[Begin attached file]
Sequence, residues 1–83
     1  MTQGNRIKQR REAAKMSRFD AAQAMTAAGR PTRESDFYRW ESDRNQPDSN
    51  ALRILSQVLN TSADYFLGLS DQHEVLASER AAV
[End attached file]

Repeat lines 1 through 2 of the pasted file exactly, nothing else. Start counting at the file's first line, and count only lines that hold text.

Sequence, residues 1–83
     1  MTQGNRIKQR REAAKMSRFD AAQAMTAAGR PTRESDFYRW ESDRNQPDSN